VISITING NEIGHBORING COUNTRIES. GREAT TRAVELOGUES. LEARNING TO LIVE TOGETHER IN HARMONY AND DEVELOPMENT.

YouTube – Travelogue Ethnic Odyssey – Magnificant Tibet 3/3

An important part of Shoton Festival is to visit the giant painting of the Buddha above Drepung Monastery. People start climbing the mountain as early as 2am, in order to get the best view.

Slowly, the first glimmer of light smiles upon the land; and on a city with more than 1,400 years of history.


Songtsan Gambo moved his capital to Lhasa from Shannan in the 7th century. According to historical records, he built the city specially for the Tang Dynasty princess he married, Princess Wencheng. For her part, she brought a statue of Sakyamuni to Lhasa with her, and the Jokhang Monastery was built to house it. This effectively made the Jokhang Monastery the heart of the city. Today, it is still its spiritual centre.


But today near Drepung Monastery, we are soon enveloped in mulberry smoke, as well as the sound of horns and of scriptures being recited. A group of lamas, over a hundred of them, are pull the 30-metre painting up to a platform.


Originally, the festival was purely religious. Monks would spend weeks in retreat. When they emerged, it was the custom for commoners to give them yogurt. Hence the festival’s name Shoton, meaning Yogurt.


And so the giant picture of Sakyamuni is revealed.


Devout Tibetans will offer hada – a white silk cloth , a symbol of purity and devotion– and walk around the mountain, hoping to be blessed.


To all Tibetans, this is a magical moment. A special connection is formed that nobody has ever fully explained, but can, they say, be felt rooted in their hearts, rooted in their unique world. As for us outsiders; well, we can almost breathe it in the air.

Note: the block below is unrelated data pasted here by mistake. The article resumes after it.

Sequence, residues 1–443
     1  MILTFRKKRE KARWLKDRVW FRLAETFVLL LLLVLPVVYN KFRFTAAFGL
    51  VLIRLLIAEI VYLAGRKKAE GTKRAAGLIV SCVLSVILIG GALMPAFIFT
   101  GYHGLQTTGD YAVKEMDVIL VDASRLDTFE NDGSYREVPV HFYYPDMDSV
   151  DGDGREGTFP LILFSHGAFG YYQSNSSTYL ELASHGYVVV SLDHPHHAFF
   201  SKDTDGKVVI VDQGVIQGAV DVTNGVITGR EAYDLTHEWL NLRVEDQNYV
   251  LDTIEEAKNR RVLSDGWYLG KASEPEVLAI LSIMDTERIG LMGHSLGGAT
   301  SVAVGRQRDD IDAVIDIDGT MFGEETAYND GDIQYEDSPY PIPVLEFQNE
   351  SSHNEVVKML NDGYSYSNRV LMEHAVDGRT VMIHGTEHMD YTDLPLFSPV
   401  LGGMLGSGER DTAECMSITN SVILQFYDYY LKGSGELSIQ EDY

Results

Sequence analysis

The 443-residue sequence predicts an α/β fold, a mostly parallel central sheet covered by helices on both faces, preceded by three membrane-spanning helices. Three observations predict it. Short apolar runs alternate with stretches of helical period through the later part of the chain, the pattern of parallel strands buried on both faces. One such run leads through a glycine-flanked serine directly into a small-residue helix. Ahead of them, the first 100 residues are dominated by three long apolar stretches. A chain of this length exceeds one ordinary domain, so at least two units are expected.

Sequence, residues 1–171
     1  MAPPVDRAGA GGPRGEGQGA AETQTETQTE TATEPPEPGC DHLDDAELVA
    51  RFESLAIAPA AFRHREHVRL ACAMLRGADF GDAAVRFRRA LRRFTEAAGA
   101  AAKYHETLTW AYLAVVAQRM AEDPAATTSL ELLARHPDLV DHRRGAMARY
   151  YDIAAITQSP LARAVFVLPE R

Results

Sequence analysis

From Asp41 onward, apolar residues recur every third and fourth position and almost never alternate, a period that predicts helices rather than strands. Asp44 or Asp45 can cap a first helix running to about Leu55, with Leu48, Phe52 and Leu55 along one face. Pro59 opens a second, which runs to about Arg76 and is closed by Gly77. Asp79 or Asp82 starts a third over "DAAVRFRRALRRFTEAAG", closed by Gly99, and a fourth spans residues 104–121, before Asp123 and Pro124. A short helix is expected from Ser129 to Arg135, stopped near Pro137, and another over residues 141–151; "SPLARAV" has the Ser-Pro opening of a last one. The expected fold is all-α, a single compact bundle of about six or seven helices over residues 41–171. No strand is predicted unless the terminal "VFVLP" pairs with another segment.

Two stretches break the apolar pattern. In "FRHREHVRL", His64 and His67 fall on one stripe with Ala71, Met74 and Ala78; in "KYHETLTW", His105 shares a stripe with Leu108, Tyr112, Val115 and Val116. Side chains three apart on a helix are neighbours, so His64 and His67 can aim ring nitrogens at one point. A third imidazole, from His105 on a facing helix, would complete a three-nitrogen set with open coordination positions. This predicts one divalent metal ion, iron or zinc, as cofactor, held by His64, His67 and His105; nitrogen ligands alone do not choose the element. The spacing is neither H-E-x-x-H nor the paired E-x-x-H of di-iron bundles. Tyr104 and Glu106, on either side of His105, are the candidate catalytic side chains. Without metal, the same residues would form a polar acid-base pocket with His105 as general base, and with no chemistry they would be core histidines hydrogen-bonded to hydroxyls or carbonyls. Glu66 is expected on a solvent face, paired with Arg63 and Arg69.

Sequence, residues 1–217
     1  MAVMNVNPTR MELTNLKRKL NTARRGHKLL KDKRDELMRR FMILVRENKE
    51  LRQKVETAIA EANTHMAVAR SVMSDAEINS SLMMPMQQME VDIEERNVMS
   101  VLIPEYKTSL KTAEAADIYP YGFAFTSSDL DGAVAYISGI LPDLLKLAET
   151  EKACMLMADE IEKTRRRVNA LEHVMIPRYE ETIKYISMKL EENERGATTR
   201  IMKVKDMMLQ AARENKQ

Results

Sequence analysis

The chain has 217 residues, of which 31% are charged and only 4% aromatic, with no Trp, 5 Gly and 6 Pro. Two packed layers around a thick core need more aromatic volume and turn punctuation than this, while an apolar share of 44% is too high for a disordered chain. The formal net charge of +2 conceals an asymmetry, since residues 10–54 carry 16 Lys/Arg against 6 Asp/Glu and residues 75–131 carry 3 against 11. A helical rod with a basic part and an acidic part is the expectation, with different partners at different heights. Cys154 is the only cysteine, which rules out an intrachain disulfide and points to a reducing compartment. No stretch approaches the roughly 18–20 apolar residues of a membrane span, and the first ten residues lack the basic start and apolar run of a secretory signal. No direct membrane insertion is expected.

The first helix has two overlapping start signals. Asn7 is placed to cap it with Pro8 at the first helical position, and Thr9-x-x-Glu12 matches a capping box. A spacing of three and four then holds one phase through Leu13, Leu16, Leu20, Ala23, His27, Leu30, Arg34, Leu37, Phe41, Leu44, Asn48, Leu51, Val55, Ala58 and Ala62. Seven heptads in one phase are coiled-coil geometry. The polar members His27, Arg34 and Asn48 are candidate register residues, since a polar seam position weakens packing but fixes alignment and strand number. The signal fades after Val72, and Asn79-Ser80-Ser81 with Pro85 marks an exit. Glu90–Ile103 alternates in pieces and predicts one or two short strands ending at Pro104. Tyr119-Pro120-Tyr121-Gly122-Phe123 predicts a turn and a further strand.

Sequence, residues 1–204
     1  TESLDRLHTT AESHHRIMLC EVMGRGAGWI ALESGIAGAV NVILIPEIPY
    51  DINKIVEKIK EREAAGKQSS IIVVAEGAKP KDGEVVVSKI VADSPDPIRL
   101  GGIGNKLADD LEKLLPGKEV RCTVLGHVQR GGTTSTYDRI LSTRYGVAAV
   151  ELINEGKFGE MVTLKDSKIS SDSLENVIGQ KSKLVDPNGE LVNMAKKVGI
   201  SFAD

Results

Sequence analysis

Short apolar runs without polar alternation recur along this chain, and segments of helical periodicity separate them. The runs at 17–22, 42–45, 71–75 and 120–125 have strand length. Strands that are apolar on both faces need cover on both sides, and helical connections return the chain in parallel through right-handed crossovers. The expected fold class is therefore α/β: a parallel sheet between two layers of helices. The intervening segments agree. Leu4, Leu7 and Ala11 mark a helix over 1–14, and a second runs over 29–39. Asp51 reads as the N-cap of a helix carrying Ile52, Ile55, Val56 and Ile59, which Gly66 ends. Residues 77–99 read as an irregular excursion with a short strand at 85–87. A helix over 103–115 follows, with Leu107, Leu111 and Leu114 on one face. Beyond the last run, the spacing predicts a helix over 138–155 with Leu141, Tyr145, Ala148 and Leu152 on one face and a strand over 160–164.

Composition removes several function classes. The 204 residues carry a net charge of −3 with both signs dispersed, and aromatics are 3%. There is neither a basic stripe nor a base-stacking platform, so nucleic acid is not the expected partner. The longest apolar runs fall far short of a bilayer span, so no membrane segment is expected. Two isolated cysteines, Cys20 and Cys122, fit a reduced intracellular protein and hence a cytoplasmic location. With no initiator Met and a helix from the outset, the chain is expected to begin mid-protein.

In the afternoon, the activities move to the Luo2 bu4 Lin2 ka3. Tibetans are traditionally a nomadic and herding people, and many families will camp out here for a few days, chatting with friends, eating yogurt, and watching the traditional opera. Living in tents is a must– as is plain to see during the holidays.


Tibetans live in vastly different styles. In the high-altitude North, there are no trees so the nomadic people live in tents. In farming communities, they live in mud brick houses. In southeast Tibet, they live in wood homes, and in Lhasa, they live in modern homes.

In general, Tibetan festivals have a strong ethnic and religious flavor. Ideology of people in this land differs greatly from others, doing good deeds and collecting merit, living for the next life, rather than for the present.


The families sing songs that tell of their history and past. On this festive occasion, Tibetans dressed in their best, will gather together and watch the Tibetan opera, which is based on Buddhist teachings and Tibetan history. It is so important to their culture that the name for Shoton festival is also known asTibetan Opera Festival. The performances last for about a week during the holidays. Tibetan opera dates back fourteen hundred years, almost to the dawn of Tibetan civilization.


The traditional drama is a combination of dances, chants, songs, and masks.


They’re all in their costumes and masks. If I’m not mistaken, since I don’t know what they are saying, it seems like they are performing one of their legends or stories.

To an outsider, Tibet can seem inscrutable, and rather distant. However, its mystery and beauty never fail to leave an indelible impression on all those daring enough to come and look.


And there we have it. That is Tibet, the place where modernity and tradition blend together, a mix of past and present, a place where Tibetans lived, and many others came from all over the world. I’m Yin and see you next time on our special.


Tips:

The Tibetans are traditionally a nomadic people who reside on the Tibetan plateau, “the roof of the world”.

They are devout Tibetan Buddhists, whose lifestyles are heavily influenced by their religion.

The culture of the Tibetans is also shaped by the unique natural environment, which varies across the land, leading to regional differences.

YouTube – Tibetan Pop Song

http://www.youtube.com/watch?v=Bb5zA2cC3ZI&feature=related

YouTube – Tibetan Music!

http://www.youtube.com/watch?v=-avzFzltVw4&NR=1

About PareByoke

Pare Byoke has written 256 post in this Website..

Post Asian and world news, fashions, & events.